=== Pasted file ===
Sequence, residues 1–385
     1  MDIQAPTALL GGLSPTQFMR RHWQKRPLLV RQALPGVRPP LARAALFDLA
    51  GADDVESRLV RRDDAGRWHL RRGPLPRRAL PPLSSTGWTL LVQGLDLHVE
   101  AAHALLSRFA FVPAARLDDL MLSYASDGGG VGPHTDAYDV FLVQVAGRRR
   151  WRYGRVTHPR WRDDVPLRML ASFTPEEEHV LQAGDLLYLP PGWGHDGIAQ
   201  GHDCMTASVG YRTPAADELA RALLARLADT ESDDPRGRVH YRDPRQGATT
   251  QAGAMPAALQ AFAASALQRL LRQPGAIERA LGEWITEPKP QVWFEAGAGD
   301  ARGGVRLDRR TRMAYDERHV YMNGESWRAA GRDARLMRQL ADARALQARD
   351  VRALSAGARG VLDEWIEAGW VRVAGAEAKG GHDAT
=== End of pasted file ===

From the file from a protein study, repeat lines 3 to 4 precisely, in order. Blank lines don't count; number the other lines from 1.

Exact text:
    51  GADDVESRLV RRDDAGRWHL RRGPLPRRAL PPLSSTGWTL LVQGLDLHVE
   101  AAHALLSRFA FVPAARLDDL MLSYASDGGG VGPHTDAYDV FLVQVAGRRR